Recent Publications

10 most recent research publications

We present simultaneous optical and near-infrared spectra obtained during the 2021 outburst of the black hole transient 4U 1543-47. The X-ray hardness-intensity diagram and the comparison with similar systems reveal a luminous outburst, probably reaching the Eddington luminosity, as well as a long-lasting excursion to the so-called ultra-luminous state. VLT/X-shooter spectra were taken in two epochs 14 days apart during the early and brightest part of the outburst, while the source was in this ultra-luminous accretion state. The data show strong H and HeI emission lines, as well as high-excitation HeII and OIII transitions. Most lines are single-peaked in both spectra, except for the OIII lines that exhibit evident double-peaked profiles during the second epoch. The Balmer lines are embedded in broad absorption wings that we believe are mainly produced by the contribution of the A2V donor to the optical flux, which we estimate to be in the range of 11 to 14 per cent in the $r$ band during our observations. Although no conspicuous outflow features are found, we observe some wind-related line profiles, particularly in the near-infrared. Such lines include broad emission line wings and skewed red profiles, suggesting the presence of a cold (i.e. low ionisation) outflow with similar observational properties to those found in other low-inclination black hole transients.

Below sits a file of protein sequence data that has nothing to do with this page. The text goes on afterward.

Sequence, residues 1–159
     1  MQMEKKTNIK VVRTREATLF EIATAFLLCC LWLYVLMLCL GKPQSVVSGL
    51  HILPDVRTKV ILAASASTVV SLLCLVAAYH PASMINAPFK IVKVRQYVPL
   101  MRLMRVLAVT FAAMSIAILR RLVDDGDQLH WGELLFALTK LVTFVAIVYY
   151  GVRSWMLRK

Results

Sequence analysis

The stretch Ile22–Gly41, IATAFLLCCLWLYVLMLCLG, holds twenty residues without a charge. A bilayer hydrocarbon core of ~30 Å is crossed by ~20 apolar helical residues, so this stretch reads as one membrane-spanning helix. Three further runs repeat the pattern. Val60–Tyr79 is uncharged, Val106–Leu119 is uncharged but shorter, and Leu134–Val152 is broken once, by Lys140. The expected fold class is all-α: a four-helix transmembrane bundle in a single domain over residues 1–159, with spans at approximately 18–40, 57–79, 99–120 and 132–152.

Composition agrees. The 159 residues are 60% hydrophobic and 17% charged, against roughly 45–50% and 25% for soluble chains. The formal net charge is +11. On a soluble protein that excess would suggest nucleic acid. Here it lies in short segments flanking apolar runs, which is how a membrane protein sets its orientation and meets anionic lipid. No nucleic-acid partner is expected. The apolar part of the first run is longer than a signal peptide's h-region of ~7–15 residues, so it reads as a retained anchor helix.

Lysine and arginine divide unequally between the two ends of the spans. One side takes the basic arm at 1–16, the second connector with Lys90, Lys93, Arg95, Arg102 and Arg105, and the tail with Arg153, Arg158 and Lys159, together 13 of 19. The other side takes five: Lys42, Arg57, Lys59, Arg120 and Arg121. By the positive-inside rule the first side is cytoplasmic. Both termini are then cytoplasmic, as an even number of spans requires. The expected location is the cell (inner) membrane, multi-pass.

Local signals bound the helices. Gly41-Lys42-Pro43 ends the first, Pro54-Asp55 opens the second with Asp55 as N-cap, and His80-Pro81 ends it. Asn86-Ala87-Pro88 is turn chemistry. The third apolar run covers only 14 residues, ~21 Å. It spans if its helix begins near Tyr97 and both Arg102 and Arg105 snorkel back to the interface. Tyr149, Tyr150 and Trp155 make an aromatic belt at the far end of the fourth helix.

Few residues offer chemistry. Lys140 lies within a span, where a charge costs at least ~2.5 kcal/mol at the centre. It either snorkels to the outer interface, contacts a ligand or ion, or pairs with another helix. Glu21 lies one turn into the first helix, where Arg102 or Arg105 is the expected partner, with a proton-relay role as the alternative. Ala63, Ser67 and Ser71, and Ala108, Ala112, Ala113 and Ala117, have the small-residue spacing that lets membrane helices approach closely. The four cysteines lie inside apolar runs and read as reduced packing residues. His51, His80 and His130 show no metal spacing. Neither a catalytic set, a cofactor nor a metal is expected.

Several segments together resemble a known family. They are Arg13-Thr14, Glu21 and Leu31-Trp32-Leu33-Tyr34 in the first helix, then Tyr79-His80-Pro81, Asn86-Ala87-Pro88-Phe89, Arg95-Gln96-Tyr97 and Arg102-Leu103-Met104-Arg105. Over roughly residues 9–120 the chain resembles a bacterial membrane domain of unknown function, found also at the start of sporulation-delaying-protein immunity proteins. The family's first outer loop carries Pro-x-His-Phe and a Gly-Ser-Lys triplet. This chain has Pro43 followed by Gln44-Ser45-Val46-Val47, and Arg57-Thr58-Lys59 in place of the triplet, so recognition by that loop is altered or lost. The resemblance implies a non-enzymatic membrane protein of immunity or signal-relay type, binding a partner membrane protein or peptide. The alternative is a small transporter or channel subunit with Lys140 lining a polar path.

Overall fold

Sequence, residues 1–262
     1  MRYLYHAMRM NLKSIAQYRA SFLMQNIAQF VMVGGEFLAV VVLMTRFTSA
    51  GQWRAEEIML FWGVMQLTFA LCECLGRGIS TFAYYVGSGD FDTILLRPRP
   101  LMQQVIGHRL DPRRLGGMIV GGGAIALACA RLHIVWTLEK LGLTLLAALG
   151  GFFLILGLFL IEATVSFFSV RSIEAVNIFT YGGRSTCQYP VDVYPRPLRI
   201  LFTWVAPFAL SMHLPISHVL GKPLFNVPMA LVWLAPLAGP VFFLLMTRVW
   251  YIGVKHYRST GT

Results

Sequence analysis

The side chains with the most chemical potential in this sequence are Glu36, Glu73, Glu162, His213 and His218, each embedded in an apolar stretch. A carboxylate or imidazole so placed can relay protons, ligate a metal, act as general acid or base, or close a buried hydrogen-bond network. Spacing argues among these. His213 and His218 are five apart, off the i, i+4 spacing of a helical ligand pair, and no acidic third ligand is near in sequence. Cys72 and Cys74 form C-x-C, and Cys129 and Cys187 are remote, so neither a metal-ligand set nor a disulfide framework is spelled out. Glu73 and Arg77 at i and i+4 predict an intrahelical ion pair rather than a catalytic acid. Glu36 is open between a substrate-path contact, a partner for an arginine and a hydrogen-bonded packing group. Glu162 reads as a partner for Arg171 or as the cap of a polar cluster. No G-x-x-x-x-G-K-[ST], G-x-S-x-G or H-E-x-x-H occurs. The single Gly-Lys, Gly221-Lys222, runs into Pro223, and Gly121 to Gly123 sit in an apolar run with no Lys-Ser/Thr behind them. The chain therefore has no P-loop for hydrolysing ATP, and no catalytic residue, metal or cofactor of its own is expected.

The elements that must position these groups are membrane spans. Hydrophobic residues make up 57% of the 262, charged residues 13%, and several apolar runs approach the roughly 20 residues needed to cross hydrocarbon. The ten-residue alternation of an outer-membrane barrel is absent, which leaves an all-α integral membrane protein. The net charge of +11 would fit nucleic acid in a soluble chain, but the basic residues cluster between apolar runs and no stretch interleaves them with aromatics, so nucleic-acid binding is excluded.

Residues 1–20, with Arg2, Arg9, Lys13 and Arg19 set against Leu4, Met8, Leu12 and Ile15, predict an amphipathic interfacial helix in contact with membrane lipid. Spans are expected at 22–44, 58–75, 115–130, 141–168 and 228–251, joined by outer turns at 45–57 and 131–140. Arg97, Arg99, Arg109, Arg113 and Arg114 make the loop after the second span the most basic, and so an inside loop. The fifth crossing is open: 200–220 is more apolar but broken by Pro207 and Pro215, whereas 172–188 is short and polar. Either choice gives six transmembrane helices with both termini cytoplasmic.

Galactic compact binaries with orbital periods shorter than a few hours emit detectable gravitational waves at low frequencies. Their gravitational wave signals can be detected with the future Laser Interferometer Space Antenna (LISA). Crucially, they may be useful in the early months of the mission operation in helping to validate LISA's performance in comparison to pre-launch expectations. We present an updated list of 48 candidate LISA binaries with measured properties, for which we derive distances based on Gaia Data release 3 astrometry. Based on the known properties from electromagnetic observations, we predict the LISA detectability after 1, 3, 6, and 48 months with state-of-the-art Bayesian analysis methods. We distinguish between verification and detectable binaries as being detectable after 3 and 48 months respectively. We find 16 verification binaries and 21 detectable sources, which triples the number of known LISA binaries over the last few years. These include detached double white dwarfs, AM CVn binaries, one ultracompact X-ray binary and two hot subdwarf binaries. We find that across this sample the gravitational wave amplitude is expected to be measured to $\approx10\%$ on average, while the inclination is expected to be determined with $\approx15^\circ$ precision. For detectable binaries these average errors increase to $\approx50\%$ and to $\approx40^\circ$ respectively.